At Kottbusser Tor, there's a hideous block of apartment buildings built over Adalbertstraße. Tucked underneath the apartment block is a Kurdish Iraqi restaurant called Lasan that boasts an authentic tandur (tandoor) oven for bread-baking.
I've spent many an afternoon standing at the window looking in at the ovoid clay tandur oven, its interior glowing red-hot. A baker neatly portions off balls of bread dough, all the exact same size, then rolls them out quickly with his hands, drapes them over a towel-wrapped mold and then, using the mold, quickly sticks the raw bread dough onto the glowing wall of the tandoor oven. Minutes later, the bread dough puffs and blisters and soon enough, the baker pulls the finished disc of bread off the hot oven wall and flings it, rather elegantly, really, onto a cooling rack. It's mesmerizing stuff.
But I'd never actually gone in and eaten anything there before. Until last weekend, when we were out for a long stroll on Sunday afternoon and found ourselves famished at a strange, in-between time when it wasn't quite lunchtime anymore and it was still far too early for dinner. We headed inside Lasan and figured we could find something light to tide us over. I ordered a plate of hummus and Max got a plate of tabouleh (tabbule, taboulé, as you wish) and a kebab.
I'll get to the bread in a minute, but first of all, people, this tabouleh was a revelation. I'd go so far as to say it was the platonic ideal of all tabouleh. It was incredibly fresh and zingy. Every mouthful felt refreshing. There were tiny flecks of minced onion all throughout, but the onion flavor was really restrained and delicate (which won me over, since big chunks of harsh onions in my mouth never fail to irritate me to no end) - perhaps they'd soaked the onion in ice water before using it? Light and fluffy and with just the right ratio of parsley to bulgur and tomato (equally finely diced as the tomato), I couldn't stop stealing forkfuls off of Max's plate. It was delicious. (Lasan offers a tabouleh sandwich, which might be what I have to order next time I'm there).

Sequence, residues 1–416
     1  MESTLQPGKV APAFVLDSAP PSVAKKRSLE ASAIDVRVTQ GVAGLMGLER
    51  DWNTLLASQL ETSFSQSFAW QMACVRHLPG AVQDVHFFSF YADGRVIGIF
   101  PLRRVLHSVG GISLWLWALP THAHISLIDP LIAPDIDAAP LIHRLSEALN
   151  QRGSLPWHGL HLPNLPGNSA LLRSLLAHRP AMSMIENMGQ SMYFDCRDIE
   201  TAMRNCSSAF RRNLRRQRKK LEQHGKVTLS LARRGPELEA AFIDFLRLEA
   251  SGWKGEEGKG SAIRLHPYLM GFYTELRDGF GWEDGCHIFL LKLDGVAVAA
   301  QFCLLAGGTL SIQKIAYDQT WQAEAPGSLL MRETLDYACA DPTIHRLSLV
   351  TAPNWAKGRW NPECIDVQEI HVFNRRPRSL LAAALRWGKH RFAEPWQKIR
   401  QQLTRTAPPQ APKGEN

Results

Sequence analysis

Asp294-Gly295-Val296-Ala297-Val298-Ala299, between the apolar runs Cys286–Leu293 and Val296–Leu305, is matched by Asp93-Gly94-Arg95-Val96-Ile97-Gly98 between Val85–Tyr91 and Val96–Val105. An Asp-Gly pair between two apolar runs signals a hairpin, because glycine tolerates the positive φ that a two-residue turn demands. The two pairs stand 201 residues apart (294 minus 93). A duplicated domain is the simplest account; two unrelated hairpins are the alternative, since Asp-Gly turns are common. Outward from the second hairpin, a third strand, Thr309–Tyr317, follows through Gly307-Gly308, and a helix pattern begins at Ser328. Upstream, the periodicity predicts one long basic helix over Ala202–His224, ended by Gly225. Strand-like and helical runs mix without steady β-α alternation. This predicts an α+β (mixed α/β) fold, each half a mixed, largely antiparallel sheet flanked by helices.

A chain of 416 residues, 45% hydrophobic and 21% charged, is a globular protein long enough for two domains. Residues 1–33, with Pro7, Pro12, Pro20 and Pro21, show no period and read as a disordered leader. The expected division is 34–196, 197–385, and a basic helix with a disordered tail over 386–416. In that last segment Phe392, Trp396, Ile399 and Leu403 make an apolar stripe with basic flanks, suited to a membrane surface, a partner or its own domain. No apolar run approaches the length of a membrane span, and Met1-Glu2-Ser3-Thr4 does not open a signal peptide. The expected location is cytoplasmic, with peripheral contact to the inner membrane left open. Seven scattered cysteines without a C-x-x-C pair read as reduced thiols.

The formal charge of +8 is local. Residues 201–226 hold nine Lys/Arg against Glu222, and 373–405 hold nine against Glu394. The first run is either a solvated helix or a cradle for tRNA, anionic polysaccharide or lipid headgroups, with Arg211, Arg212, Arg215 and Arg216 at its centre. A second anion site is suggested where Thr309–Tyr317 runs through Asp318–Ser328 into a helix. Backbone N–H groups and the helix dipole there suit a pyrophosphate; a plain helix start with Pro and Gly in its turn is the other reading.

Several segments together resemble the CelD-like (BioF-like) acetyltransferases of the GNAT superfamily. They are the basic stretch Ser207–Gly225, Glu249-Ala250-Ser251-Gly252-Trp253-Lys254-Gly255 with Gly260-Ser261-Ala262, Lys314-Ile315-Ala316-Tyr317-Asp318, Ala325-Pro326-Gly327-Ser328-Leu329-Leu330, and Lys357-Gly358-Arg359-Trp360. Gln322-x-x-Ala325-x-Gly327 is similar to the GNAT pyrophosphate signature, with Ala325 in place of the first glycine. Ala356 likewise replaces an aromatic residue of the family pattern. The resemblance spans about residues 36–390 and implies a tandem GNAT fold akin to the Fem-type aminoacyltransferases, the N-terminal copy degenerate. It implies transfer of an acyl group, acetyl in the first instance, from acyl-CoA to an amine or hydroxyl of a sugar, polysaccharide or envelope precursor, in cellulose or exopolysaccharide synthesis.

The hummus was just fine, creamy and earthy and not too heavy on the tahini. Swiping it with piping hot pieces of tandoor bread torn off the round placed between us was the real fun. Make sure when you go that you get a fresh, hot round of bread. It's crispy on the bottom and chewy on top and fragrant and irresistible. If it's cooled, it loses a lot of its charm.
Another highlight on the menu for a slightly, um, larger gathering is a whole roasted lamb with enough bread for 20 people for the bargain price of 190,- euros. (They'll deliver to your home, if you like.) You'd have to order the sides separately, but doesn't this sound like a pretty great reason to have a party?
(030) 698 14 098